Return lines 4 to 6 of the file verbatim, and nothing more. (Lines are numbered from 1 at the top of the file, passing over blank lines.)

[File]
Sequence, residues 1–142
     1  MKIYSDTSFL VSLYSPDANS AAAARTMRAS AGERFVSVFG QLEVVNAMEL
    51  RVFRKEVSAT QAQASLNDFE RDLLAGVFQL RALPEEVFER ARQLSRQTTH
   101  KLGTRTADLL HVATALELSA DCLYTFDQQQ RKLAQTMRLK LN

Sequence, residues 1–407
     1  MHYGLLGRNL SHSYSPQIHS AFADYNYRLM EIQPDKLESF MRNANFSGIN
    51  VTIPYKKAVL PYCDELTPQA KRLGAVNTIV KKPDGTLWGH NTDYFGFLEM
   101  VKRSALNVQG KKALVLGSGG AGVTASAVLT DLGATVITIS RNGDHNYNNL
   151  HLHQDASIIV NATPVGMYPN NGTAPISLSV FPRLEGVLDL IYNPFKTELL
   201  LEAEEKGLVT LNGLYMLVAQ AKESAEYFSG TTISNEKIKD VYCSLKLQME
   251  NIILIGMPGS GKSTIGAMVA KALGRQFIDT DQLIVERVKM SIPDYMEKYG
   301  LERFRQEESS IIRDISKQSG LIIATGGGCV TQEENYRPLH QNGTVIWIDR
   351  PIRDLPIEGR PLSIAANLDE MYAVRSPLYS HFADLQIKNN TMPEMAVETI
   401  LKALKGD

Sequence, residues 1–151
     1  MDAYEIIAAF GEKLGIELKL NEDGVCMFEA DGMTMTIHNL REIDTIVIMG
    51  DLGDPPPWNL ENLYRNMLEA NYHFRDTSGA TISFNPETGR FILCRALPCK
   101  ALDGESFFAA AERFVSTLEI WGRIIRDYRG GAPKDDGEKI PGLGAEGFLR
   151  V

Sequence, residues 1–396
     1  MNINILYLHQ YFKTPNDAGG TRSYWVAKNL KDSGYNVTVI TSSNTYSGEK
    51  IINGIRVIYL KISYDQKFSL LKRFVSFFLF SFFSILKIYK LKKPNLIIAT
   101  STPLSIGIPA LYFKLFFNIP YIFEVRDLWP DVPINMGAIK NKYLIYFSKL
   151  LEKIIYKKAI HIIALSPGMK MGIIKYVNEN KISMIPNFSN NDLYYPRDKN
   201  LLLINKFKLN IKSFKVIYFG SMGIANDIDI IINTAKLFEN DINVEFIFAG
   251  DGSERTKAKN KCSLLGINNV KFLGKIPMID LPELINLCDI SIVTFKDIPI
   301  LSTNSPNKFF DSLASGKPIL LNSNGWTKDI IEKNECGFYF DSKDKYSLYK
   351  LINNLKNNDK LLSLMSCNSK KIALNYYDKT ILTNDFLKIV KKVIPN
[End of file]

   101  KLGTRTADLL HVATALELSA DCLYTFDQQQ RKLAQTMRLK LN

Sequence, residues 1–407
     1  MHYGLLGRNL SHSYSPQIHS AFADYNYRLM EIQPDKLESF MRNANFSGIN